Securing SaaS with Two Factor Authentication
It is my observation that businesses are ready to move more of their most sensitive information to the cloud. For that to happen - SaaS providers need to support strong security measures to protect the data
12 May 2009
It is my observation that businesses are ready to move more of their most sensitive information to the cloud.
For that to happen - SaaS providers need to support strong security measures to protect the data. SaaS solves many problems for an IT manager, but at the same time introduces some issues of its own. I will focus on one major shortcoming that, if not addressed, will cripple the adoption of SaaS. Fortunately, that flaw can be fixed with some goodwill and foresight. I refer to widely adopted weak authentication mechanisms - customers are given only the good old email/password combination, except for online banking.
The problem is that passwords have long stopped being an adequate method for protecting valuable data. Passwords are relatively easy to compromise and strict composition and retention policies are required to make them secure. The problem with that is that users have a hard time remembering the complex passwords that change every 90 days. They either write them down (thus risking credential loss) or simply forget them and use 'reset password' facilities for almost every login. Consumers have little say here and have to rely on governments to advocate their cause, like with the Federal Financial Institutions Examination Council (FFIEC) requirement to have two-factor authentication for online banking.
Two-factor authentication can be defined as an authentication scheme where, to authenticate (ensure that the user is who she claims she is), two discreet factors are used simultaneously. Another way to look at this is to require the users to present 'something they know' -password, together with the passcode generated by 'something they have' - for example, the hardware token that most of us are familiar with.
The situation is different with enterprise customers. Commercial and government customers, by the virtue of their buying power, can request and get higher security for online access. The question is "In what cases would I need to require my SaaS vendor to provide two-factor authentication?"
Two factor protection is desired if any personally identifiable information is handled outside the corporate firewall. Human resources applications are prime candidates here. Also, if you need to share some highly sensitive information (like company's financial statements, board reports, clinical trial information for life sciences sector etc) that has short term high value - it is prudent to request 'stronger than just the password' authentication mechanisms. The easiest case is when policies or regulatory requirements mandate two-factor authentication for data access. Naturally, those same requirements must be extended to SaaS before sending the data over.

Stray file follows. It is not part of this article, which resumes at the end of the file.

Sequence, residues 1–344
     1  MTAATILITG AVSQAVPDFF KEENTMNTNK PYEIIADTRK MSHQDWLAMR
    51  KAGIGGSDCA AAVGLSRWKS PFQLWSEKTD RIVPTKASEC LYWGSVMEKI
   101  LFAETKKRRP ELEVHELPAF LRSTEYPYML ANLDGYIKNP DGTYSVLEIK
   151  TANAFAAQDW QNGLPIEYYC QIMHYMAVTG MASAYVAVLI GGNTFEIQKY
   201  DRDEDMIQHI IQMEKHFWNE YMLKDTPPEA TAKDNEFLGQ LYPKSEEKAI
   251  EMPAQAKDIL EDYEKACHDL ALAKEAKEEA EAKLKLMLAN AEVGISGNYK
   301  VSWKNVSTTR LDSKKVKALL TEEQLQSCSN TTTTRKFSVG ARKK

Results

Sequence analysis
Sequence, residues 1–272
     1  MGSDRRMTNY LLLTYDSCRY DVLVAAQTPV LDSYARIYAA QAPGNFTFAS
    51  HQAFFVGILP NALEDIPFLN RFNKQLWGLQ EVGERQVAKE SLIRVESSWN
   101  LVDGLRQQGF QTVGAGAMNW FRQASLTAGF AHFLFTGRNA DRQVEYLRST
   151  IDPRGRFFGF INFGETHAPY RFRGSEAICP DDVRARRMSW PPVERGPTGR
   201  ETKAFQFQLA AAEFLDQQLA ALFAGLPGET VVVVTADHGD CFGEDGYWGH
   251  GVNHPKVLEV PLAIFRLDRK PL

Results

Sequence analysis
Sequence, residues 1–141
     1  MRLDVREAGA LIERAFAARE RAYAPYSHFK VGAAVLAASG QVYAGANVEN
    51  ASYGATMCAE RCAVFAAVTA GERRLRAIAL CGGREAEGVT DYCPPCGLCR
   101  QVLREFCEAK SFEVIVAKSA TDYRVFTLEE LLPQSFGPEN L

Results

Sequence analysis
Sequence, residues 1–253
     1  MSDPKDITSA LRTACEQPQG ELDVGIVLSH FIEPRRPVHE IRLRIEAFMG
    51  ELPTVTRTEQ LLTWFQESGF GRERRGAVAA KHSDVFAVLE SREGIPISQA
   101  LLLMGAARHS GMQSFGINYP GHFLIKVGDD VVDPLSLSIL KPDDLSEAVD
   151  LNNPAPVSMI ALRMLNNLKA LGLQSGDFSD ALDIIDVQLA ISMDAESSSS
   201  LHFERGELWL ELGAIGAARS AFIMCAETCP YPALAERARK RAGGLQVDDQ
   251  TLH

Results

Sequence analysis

After advising SaaS customers to include the two-factor authentication as requirement if they plan to send sensitive information out of their corporate firewall, I feel providing some ways to address complexity of two-factor in SaaS is in order.
There are many technologies available to provide two-factor authentication. Rushing to implement a solution tailored for the next large prospect and hoping that it will work for all others is not a good strategy. Talking to customers and understanding their needs are crucial. I would also recommend reading the latest revision of NIST Special Publication 800-63 from the National Institute of Standards and Technology - NIST Electronic Authentication Guideline. One must make every effort and get input from security professionals who have experience in implementing various solutions and can provide impartial opinion on benefits and potential problems of a given technology. There probably isn't a single solution for all use cases. Trying to force one may end up in awkwardly 'bolted on' functionality for some users. The best solution is implementing a strong authentication framework that allows for different second factors for different user populations. The ultimate goal is to implement a high-security/low footprint solution that can be extended as customer security needs evolve.
If an acceptable solution to providing flexible two-factor authentication to SaaS is not found - everybody loses. Most applications handling sensitive data cannot be pushed to the cloud, so businesses will have to continue maintaining large IT organizations to support them. Government IT, probably largest buyers anywhere, would not be able to adopt SaaS solutions. Plus - two-factor authentication vendors will continue having trouble penetrating 'consumer-like' use cases.
If customers insist on higher security standards and the SaaS providers make investments (aided with flexible pricing models from two-factor vendors) necessary to provide high security for their customer critical information - there will be wider adoption of SaaS as product delivery model which will benefit all participants. I look forward to sharing more thoughts on these issues in future posts.
Mushegh Hakhinian represents Intralinks at the Cloud Security Alliance SME Council, is a certified information systems security professional, and is a frequent contributor to industry publications. Prior to joining Intralinks, Mr. Hakhinian lead security functions at a multi-tenant online banking service provider and an international bank.